Working to Live―or for Runaway Government Spending?

Tax Freedom Day arrived this year on April 17, coincidentally the same day tax returns were due. Tax Freedom Day is a calendar-based measure of Americans’ cumulative tax bill. It is calculated as the day on which Americans have worked long enough to pay all their taxes. Americans worked 107 days to earn enough money to pay this year’s combined federal, state, and local taxes. These taxes include personal income taxes, payroll taxes, corporate income taxes, and property and sales taxes.

However, this is only what Americans actually pay, not what government spends. According to the nonpartisan Tax Foundation, “if the federal government raised taxes enough to close the budget deficit—an additional $1.014 trillion—Tax Freedom Day would come on May 14 instead of April 17. That’s an additional 27 days of government spending paid for by borrowing.”

Americans currently pay more in taxes ($4.04 trillion) than they do on food, clothing, and housing combined ($3.89 trillion). The saying goes, you should “work to live, not live to work.” But the more government grows, the more Americans are working less to live and more to pay for runaway government spending. That leaves fewer resources to invest in the real engines of economic growth: private sector businesses that create jobs and produce goods and services for a market fueled by Americans’ hard-earned purchasing power.

Kathryn Hickok is Publications Director at Cascade Policy Institute, Oregon’s free market public policy research organization.

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Posted by at 05:00 | Posted in Economy, Federal Budget, Local Taxes, Oregon Government, State Taxes, Taxes | Tagged , , | 31 Comments |Email This Post Email This Post |Print This Post Print This Post
  • Freddy

    These taxes are needed for a strong central government that keeps us free and happy. At least it does for me.

  • Rupert in Springfield

    Americas founding was specifically to avoid that pitfall of democracy – the people figuring out they could vote themselves money.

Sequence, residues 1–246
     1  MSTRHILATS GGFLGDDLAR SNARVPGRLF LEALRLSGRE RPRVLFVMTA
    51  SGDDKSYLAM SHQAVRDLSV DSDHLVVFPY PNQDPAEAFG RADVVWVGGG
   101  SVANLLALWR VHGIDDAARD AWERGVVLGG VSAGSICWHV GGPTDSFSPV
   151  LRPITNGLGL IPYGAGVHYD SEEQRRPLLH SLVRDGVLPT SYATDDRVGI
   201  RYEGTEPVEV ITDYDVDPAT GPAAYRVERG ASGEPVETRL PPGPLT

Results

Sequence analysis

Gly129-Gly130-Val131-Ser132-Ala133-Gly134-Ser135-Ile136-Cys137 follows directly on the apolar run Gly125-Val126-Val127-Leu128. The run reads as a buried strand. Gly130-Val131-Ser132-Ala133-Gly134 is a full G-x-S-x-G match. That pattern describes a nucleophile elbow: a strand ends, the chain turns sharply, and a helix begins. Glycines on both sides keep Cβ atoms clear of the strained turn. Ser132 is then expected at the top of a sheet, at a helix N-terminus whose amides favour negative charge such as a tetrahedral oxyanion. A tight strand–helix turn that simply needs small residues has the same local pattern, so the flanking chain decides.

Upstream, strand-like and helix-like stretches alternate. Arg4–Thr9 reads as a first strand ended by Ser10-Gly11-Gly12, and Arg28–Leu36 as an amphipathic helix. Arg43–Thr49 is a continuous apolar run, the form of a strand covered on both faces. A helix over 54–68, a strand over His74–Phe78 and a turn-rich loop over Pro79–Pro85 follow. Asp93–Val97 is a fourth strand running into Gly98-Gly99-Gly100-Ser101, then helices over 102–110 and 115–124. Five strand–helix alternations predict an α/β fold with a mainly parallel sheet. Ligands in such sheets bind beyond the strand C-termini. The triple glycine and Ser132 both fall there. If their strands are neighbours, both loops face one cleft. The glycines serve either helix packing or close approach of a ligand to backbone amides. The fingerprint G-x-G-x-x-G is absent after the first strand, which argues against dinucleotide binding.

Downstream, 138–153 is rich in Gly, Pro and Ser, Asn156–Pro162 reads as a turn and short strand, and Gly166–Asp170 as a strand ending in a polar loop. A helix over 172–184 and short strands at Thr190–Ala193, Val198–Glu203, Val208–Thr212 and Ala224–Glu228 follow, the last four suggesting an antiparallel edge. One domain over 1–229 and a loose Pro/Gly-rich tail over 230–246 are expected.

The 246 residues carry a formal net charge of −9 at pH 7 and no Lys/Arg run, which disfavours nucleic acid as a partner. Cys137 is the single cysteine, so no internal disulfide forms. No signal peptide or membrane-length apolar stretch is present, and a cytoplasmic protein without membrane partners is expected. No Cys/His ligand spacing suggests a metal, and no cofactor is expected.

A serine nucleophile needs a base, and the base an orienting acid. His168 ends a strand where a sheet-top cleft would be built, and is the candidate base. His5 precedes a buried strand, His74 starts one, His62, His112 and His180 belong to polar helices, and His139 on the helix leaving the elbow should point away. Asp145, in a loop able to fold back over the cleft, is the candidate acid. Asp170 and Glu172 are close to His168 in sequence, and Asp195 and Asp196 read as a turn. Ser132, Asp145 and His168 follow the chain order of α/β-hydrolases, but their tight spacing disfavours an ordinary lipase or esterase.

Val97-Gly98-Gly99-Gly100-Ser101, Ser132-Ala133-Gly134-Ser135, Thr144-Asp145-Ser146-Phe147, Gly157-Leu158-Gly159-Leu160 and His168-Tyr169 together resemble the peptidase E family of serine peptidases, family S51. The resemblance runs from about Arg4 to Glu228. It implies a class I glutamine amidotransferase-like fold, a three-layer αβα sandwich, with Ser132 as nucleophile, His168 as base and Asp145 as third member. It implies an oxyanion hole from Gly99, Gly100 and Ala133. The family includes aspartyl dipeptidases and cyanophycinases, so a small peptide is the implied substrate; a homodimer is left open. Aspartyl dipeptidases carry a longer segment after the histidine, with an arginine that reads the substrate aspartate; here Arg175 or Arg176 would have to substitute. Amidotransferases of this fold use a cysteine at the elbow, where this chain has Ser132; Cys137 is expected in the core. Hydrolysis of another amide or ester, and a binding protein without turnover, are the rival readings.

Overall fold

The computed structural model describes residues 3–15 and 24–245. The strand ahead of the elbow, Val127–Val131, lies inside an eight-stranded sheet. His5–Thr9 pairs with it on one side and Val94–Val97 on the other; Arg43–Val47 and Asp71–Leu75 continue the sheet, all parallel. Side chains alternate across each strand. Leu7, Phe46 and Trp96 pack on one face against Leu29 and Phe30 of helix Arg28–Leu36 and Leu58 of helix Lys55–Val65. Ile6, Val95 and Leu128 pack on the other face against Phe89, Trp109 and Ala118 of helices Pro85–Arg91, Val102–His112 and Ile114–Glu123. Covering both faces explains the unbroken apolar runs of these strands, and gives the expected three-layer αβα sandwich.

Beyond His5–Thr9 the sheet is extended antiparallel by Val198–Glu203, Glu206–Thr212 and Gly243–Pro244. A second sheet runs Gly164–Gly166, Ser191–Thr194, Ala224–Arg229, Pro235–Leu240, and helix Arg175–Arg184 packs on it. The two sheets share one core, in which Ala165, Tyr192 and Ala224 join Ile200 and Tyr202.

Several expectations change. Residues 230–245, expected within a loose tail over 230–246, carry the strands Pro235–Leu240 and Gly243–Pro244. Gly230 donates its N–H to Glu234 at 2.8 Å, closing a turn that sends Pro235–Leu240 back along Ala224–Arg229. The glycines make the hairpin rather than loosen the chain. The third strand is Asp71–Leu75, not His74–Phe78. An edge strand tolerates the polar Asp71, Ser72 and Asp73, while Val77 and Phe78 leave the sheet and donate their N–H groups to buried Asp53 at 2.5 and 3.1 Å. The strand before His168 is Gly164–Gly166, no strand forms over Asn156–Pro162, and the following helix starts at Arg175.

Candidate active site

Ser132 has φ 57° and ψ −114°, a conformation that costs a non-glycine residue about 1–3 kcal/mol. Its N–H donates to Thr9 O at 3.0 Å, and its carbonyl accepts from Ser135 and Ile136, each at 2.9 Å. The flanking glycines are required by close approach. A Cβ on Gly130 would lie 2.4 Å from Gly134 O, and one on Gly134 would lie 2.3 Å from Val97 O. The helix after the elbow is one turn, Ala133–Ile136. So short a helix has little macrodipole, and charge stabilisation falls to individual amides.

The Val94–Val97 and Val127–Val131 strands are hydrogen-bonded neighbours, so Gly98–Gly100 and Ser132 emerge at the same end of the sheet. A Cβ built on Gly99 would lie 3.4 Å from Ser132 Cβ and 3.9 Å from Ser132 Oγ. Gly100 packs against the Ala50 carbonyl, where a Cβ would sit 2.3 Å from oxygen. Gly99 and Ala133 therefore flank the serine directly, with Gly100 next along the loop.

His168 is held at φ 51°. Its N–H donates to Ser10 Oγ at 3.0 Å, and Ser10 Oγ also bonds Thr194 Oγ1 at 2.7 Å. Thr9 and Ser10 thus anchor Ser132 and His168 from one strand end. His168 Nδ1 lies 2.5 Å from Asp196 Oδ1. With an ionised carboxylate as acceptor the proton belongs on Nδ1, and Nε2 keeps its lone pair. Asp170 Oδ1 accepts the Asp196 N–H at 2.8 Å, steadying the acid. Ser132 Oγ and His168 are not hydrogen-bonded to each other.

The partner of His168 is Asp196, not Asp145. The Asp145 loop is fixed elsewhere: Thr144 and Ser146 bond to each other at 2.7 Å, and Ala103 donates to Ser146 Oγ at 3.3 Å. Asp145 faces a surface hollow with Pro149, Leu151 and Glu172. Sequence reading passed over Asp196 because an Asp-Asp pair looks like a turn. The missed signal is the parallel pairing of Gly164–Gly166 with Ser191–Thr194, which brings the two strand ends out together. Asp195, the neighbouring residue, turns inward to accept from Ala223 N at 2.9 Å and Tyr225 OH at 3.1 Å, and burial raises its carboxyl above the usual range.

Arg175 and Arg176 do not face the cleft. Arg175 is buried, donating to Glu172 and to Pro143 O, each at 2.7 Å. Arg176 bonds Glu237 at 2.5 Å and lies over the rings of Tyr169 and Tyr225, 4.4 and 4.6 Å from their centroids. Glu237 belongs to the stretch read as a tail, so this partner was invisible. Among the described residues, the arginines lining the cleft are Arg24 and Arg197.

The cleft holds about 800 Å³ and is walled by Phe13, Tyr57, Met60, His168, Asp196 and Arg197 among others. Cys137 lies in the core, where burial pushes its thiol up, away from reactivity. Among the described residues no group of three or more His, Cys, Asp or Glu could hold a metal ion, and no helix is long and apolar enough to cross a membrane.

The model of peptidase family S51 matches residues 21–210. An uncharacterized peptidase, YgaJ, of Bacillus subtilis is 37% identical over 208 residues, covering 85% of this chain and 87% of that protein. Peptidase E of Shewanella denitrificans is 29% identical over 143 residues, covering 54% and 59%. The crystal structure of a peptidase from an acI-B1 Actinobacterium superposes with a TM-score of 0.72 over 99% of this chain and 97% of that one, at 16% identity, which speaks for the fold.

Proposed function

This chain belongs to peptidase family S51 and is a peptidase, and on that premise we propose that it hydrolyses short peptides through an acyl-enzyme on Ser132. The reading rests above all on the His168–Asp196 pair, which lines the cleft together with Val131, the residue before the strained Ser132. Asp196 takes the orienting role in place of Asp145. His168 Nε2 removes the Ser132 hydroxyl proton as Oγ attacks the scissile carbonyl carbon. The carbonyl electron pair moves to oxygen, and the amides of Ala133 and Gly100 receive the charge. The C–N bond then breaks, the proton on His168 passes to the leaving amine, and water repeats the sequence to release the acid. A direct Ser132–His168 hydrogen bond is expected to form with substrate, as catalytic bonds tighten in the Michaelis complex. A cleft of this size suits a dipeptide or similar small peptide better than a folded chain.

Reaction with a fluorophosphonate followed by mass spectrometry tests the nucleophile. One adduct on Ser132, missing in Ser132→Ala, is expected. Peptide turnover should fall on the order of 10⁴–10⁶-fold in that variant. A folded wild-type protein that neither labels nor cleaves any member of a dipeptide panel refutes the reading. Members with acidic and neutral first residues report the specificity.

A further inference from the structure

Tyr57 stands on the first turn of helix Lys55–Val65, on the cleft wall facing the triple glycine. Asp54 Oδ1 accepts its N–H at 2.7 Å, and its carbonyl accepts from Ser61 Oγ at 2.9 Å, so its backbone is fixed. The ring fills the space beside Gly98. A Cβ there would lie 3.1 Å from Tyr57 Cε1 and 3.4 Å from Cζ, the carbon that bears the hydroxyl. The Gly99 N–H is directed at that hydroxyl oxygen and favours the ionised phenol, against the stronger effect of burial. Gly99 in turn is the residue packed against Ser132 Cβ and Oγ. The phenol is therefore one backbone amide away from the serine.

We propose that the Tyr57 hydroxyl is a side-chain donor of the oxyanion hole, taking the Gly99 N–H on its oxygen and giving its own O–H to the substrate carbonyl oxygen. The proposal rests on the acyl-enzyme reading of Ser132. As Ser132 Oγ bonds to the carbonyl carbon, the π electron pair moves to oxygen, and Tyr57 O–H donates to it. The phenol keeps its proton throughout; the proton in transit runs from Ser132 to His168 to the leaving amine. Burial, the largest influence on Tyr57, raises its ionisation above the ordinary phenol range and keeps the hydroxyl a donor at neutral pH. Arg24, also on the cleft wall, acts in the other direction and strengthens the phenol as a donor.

The founders had one overriding concern, and that was the posterity of the country. They wanted to avoid those things they could determine had caused the fall of other societies. To do this they relied on the idea of electing representatives that, through their wisdom, would avoid the compunctions and avarice of a direct democracy.

    Where this theory falls down is when the benefits of office become so great that the moral character and wisdom of those elected becomes tainted by the desire to hold office such that it is of lower character than those electing them. Thus begetting an even worse situation than what was to be avoided in a direct democracy.

    The people figuring out they can vote themselves money is the downfall of any society. Electing people who figure out ways to hand out money that never would have occurred to the people in the first place is even worse. 

    People say Americas problem is we have all these programs people want but nobody wants to pay for them.


    However the vast majority of these programs were not the result of the people demanding their institution. No, by and large these programs were instituted by politicians well aware of their bankrupting nature, but who cared more for their reelection than the fiscal well being of the country. Instilling sloth in the populace and financial ruin in the treasury was the bargain made to retain the comforts of office for these individuals. Unintended consequences was their shield from criticism. The fact that such consequences were readily foreseen and easily forecast by even the dullest individual.